Formalised knowledge systems, including universities and research institutes, are important for contemporary societies. They are, however, also arguably failing humanity when their impact is measured against the level of progress being made in stimulating the societal changes needed to address challenges like climate change. In this research we used a novel futures-oriented and participatory approach that asked what future envisioned knowledge systems might need to look like and how we might get there. Findings suggest that envisioned future systems will need (...) to be much more collaborative, open, diverse, egalitarian, and able to work with values and systemic issues. They will also need to go beyond producing knowledge about our world to generating wisdom about how to act within it. To get to envisioned systems we will need to rapidly scale methodological innovations, connect innovators, and creatively accelerate learning about working with intractable challenges. We will also need to create new funding schemes, a global knowledge commons, and challenge deeply held assumptions. To genuinely be a creative force in supporting longevity of human and non-human life on our planet, the shift in knowledge systems will probably need to be at the scale of the enlightenment and speed of the scientific and technological revolution accompanying the second World War. This will require bold and strategic action from governments, scientists, civic society and sustained transformational intent. (shrink)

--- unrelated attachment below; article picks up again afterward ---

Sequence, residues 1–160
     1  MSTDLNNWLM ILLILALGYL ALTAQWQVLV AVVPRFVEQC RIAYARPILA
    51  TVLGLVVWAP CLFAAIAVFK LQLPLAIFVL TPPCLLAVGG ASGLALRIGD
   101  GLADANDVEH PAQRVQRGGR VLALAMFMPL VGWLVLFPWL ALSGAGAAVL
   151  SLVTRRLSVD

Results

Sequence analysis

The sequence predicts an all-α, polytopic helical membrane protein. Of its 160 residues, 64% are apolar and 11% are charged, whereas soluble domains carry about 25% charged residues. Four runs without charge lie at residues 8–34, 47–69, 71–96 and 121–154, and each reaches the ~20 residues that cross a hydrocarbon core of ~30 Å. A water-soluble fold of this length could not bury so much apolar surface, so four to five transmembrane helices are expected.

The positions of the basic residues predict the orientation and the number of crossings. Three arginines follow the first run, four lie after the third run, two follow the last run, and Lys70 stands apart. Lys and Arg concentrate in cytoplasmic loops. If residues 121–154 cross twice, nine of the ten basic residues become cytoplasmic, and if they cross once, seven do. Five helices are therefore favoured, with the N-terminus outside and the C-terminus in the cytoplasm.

This article reflects a conversation between Jan G. van der Watt and Stephan Joubert. The article serves as the introduction to the Special Collection: ‘From timely exegesis to contemporary ecclesiology: Relevant hermeneutics and provocative embodiment of faith in a Corona-defined world – Festschrift for Stephan Joubert, sub-edited by Willem Oliver ’. Following a brief bio-statement as introduction, the following issues are discussed: the collection for the Jerusalem church; relevance of theology for society; social-scientific exegesis; the ancient concept of (...) grace; Bible translation in South Africa; public theology on the electronic platform; biblical examples of leadership and electronic media in religious activities and education.Contribution: This Festschrift represents current trends in biblical scholarship and ecclesial leadership. It contributes to the public discourse in church and society, especially the role of the electronic media in current Fourth Industrial Revolution. (shrink)